Setting an Eggscellent Table

When Spring arrives, it is accompanied by limitless natural resources for setting a lovely table–flowers, grasses, tree branches, etc. Even though fresh flowers may be purchased year-round, don't miss the opportunity to utilize what the earth offers.  We've opted this month to use pastel colors, but if brighter colors are more appealing to you, then substitute hot pink, turquoise, bright green, yellow and purple for the softer hues.  Our tablecloth displays a variety of pastel colors.  The square white dishes represent the purity of Easter, and beneath them we placed three round placemats in coordinating colors.  Two napkins, each folded into a square, are placed diagonally on the salad plate—thus giving the setting a variety of shapes:  the rectangular lines of the tablecloth, round placemats, square dishes, and diagonal napkins.  Mixing shapes can be fun and adds a whimsical touch to the table.  I always use egg cups in an Easter setting, but I rarely place an egg in them.  This particular cup holds speckled candy eggs, but you couild also use pastel M&Ms, Jordan almonds, mini jelly beans or Hershey Candy Kisses—the possibilities are endless. Completing the setting is a 3-inch clear glass votive filled with a small handful of pink azaleas and white candytuft—-what nature offered me in my own front yard!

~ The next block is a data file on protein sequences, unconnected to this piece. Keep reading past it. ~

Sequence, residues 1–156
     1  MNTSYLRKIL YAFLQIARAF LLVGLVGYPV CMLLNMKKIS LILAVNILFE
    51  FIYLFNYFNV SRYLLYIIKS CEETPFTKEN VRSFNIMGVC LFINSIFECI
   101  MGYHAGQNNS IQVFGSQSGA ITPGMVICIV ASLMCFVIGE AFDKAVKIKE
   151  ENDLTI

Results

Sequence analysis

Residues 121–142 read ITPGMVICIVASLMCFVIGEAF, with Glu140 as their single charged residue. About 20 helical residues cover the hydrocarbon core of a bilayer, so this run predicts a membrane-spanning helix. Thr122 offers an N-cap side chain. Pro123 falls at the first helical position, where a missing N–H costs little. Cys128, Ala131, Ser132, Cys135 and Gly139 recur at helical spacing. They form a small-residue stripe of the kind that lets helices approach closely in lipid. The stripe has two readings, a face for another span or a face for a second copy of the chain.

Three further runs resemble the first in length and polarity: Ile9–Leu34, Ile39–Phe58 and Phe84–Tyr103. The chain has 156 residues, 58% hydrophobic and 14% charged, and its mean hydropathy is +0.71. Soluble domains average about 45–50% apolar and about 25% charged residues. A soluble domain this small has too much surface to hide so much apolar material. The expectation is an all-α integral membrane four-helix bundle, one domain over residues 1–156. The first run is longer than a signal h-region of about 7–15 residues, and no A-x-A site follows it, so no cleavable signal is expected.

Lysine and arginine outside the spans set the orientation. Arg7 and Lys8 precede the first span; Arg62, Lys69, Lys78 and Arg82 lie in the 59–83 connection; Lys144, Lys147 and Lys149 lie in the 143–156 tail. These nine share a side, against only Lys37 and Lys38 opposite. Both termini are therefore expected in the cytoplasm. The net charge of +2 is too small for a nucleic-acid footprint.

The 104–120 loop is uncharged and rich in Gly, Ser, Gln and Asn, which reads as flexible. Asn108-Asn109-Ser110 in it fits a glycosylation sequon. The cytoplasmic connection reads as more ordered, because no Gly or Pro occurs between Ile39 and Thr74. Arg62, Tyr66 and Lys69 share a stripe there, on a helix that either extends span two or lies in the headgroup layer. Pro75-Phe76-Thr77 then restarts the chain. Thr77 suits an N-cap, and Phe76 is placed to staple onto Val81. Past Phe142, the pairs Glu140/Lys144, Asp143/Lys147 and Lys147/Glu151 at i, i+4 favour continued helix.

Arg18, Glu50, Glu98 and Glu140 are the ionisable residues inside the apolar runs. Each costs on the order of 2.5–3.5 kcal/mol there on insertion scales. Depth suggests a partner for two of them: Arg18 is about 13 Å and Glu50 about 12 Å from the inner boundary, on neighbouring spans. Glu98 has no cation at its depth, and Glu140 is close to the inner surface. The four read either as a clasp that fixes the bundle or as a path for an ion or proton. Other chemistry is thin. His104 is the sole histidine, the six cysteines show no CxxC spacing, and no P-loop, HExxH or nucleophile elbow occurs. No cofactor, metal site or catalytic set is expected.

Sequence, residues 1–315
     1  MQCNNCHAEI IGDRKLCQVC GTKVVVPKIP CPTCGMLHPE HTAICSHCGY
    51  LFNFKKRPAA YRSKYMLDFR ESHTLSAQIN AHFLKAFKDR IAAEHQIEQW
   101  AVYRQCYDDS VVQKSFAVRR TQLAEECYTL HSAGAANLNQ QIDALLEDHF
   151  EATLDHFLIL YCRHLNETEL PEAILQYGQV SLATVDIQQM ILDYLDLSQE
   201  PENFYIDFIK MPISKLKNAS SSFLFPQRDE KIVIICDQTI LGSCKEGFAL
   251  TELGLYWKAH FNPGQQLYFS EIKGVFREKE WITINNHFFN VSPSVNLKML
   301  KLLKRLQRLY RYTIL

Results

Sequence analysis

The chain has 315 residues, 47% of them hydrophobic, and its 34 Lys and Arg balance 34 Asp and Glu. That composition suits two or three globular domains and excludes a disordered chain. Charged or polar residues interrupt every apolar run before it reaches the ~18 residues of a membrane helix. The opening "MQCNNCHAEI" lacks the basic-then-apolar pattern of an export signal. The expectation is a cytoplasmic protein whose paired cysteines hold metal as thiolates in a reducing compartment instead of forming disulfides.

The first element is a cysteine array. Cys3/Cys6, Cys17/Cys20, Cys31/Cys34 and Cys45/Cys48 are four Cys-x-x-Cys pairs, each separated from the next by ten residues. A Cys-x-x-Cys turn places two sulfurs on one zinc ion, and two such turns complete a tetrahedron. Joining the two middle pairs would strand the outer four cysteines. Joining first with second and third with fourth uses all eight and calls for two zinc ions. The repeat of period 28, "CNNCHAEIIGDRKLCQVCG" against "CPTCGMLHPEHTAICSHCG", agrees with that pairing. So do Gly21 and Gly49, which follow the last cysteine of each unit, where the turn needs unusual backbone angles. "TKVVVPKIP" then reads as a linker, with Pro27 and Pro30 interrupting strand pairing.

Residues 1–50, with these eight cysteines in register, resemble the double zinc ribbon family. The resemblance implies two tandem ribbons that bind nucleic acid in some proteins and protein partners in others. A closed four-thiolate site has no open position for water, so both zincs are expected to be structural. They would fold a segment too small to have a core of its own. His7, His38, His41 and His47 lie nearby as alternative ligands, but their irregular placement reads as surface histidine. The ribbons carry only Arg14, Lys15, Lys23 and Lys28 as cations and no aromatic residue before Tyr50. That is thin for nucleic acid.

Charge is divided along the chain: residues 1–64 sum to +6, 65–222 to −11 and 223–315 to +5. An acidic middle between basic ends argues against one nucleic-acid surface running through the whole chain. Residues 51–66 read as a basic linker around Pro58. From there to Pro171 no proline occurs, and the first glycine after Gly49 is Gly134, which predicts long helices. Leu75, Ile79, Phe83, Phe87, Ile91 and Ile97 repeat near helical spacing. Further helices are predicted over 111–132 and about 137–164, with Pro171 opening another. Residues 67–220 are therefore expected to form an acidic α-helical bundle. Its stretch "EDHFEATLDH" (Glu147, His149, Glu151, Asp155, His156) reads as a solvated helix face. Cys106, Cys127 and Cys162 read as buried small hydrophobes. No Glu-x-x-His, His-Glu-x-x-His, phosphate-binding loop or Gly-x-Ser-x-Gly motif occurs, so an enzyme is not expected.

An Easter egg tip:  try dying brown eggs rather than white ones—the colors will be softer and more muted.  I was so pleased with my dyed brown eggs several years ago, that I could barely stand the thought of tossing them into the trash.  A friend advised me to place them in an egg carton and store them at room temperature.  She had saved some for several years with success—so I took her advice and am enjoying those eggs six years later.  Note: if any of the eggs crack, then the smell will force you to toss them!!

Leslie O. Kelley

Table Editor  

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